AMERICAN GUNS, CANADIAN VIOLENCE
Weapons are crossing the border by the thousands, writes CHARLIE GILLIS, and the number of people wounded and killed in this country is mounting
JOHN BUTCHER had fallen on hard times. His wife of 33 years had died after a lengthy battle with multiple sclerosis. He’d lost his job in the financial services industry, he’d run out of money and, in his late 50s, the expat Englishman had been forced to move in with his daughter. With only an entry-level job at a golf course and moonlight gigs as frontman of a blues band to earn his keep, he felt like a burden. So when a close friend approached him with a shady sounding proposition—$500 per trip to
squire envelopes stuffed with U.S. cash into Canada from Detroit—he swallowed hard and accepted. “I was told that at my age, I would never be involved with anything that would result in a jail sentence,” he says. Glancing at his surroundings—a drafty interview room at the Toronto East Detention Centre—he now snorts at this thought with hollow laughter.
Between desultory mouthfuls of prisonissue bologna sandwich, Butcher, now 62,
unspools his tale of self-inflicted woe. He did in fact make two trips with money in early 2004, crossing the border without incident and collecting his fee in cash. But on his third trip, Canadian customs officers stopped him at the Detroit-Windsor Tunnel and searched his 1991 Pontiac Sunbird. There, in the space beneath the spare tire in his trunk, they found 23 high-powered handguns, including a TEC-9 semi-automatic, a weapon notorious within the law
enforcement community for its tendency to spray bullets like water from a garden hose. Butcher maintains he had no idea he was carrying a small arsenal. “If I had, I would have thrown those obscenities into the Detroit River.”
But ignorance buys only so much mercy when you’re implicated in Canada’s gunrunning epidemic. Although the court accepted Butcher’s claims that the guns were planted, he was sentenced to 2xh years in jail, emerging last month. The whole experience has left him bitter, and from time
Clockwise from above: 9-mm handgun; shooting scene in a Toronto apartment building; Surrey, B.C., RCMP with seized arms; Shaquan in hospital
to time Butcher lashes out—at the cops, the Crown, the illegal gun traders who drew him into their web. But mostly he heaps scorn on himself. “If ever there was an Olympic medal for stupidity,” he says, “I would have won gold.”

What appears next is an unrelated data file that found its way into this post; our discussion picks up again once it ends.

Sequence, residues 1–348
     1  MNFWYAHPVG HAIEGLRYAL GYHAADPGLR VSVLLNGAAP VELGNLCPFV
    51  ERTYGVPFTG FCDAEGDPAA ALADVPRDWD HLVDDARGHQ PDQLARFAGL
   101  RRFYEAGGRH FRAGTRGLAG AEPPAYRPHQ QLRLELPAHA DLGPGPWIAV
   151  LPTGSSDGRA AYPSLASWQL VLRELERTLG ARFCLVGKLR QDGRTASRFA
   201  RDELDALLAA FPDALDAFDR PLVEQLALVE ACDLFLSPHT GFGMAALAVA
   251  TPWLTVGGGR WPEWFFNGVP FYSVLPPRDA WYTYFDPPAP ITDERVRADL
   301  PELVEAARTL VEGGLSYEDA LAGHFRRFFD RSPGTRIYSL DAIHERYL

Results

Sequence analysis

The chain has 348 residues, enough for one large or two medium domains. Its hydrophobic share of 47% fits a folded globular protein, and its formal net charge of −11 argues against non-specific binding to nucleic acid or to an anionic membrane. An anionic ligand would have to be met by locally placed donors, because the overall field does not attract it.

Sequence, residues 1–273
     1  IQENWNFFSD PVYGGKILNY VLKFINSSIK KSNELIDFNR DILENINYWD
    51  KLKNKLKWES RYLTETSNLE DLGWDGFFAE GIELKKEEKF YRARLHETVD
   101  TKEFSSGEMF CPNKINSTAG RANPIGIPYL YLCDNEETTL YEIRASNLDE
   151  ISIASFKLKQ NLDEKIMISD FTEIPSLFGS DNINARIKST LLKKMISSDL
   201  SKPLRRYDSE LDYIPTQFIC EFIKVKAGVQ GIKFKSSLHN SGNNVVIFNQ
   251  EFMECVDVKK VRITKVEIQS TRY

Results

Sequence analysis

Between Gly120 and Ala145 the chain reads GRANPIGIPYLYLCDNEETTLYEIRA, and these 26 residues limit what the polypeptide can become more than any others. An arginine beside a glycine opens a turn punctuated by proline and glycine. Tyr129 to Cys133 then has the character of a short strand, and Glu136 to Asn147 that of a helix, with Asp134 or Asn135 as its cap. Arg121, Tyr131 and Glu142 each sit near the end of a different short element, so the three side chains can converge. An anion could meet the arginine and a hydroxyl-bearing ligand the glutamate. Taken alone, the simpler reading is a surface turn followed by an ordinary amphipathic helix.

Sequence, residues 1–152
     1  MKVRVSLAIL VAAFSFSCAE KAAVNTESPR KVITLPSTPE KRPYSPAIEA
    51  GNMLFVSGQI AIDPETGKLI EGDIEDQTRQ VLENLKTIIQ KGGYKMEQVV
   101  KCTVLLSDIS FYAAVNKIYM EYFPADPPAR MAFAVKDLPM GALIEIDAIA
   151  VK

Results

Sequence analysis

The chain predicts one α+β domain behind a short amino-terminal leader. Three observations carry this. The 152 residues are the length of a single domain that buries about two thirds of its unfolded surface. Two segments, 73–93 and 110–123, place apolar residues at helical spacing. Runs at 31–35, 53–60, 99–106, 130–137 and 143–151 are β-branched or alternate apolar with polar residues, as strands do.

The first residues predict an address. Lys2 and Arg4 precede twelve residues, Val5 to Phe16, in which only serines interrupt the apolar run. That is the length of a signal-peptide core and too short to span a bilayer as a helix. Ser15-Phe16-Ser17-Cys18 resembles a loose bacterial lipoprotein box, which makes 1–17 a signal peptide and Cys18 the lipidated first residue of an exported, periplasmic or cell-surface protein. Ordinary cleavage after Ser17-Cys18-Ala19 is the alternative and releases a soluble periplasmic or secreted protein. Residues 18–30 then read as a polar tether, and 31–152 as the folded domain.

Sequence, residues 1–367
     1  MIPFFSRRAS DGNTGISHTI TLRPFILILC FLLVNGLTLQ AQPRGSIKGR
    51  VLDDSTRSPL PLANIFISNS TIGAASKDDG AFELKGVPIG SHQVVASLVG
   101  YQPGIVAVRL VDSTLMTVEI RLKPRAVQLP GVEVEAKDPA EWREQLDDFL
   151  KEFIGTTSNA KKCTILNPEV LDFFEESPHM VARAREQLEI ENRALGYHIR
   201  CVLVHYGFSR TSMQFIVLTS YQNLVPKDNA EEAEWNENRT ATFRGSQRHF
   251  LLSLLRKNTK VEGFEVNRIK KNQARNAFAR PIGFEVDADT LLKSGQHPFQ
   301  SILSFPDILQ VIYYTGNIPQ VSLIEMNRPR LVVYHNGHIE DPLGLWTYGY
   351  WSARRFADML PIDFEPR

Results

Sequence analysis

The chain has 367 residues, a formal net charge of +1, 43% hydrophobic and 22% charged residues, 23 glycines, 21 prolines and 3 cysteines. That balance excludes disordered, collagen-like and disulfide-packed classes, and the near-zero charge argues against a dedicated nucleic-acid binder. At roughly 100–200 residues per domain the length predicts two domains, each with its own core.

STUPIDITY, to be sure. But if the summer of 2005 has taught Butcher anything, it’s that he was a pawn in a much larger, bloodier, business. In the past two weeks, five
someone to point a finger south. Mayor David Miller, among others, singled out the U.S. as a prime source of gangland weapons on Canadian streets, saying the guns that come over the border are “very easily accessible to these kinds of thugs.”
If the experience of Canada’s border agents is anything to go by, Miller is right. In the
gang-related killings since the mid-1990s is the one glaring exception to Canada’s overall decline in violent crime. At the same time, handguns have been steadily supplanting long-barrelled guns as weapons of choice in gun homicides, reflecting what experts see as a critical shift in the nature of violent crime in Canada. “Overall, there are more gang and drug-related killings, and fewer family killings,” says Tom Gabor,
people have been killed and 11 injured . MM All
in 14 separate shootings in Toronto, including one that sent a four-year-old boy to hospital with four bullet wounds, and another that scattered late-night revellers from a downtown square. The unrelenting stream of gunplay drew alarmed reaction from politicians, including Ontario Premier Dalton McGuinty, and it didn’t take long for
past five years, authorities have seized more than 5,400 firearms coming into the country from the United States, a figure believed to represent a fraction of the northward flow. The lion’s share of those weapons— some 3,695—were handguns, which tells you something about who was doing the buying. Pistols, after all, are the tools of the urban street gang, and a threefold growth in
a University of Ottawa criminologist. “Those involved in the former seem to have a preference for handguns, many of which are unregistered and likely smuggled into the country.”
Butcher’s case could be considered Exhibit A: the so-called friend who recruited him to smuggle cash, he says, turned out to have indirect connections to the notorious Malvern Crew, a gang of thugs named
ONE BY A RIVAL’
for the part of suburban Toronto where they’ve spent the past couple of years dealing drugs and terrorizing the public. Justice Timothy Lipson, the Ontario court judge who sentenced Butcher, concluded that the weapons he was carrying were to be sold to “gang members in Scarborough” for purposes of “the drug trade and turf protection.”
But it’s not the only example, and some recent cases suggest growing demand within gangs for military-style assault weapons.
Two years ago, police on the West Coast interrupted a smuggling operation after U.S. authorities spotted someone with a backpack crossing the border outside Blaine, Wash., and alerted the RCMP. The Mounties gave chase and eventually recovered a bag containing 12 semi-automatic weapons, along with two Uzi submachine guns. The culprit got away.
Such cases make it easier to understand why practically every cop on the street these days seems to be encased in body armour, and why police calls for ac-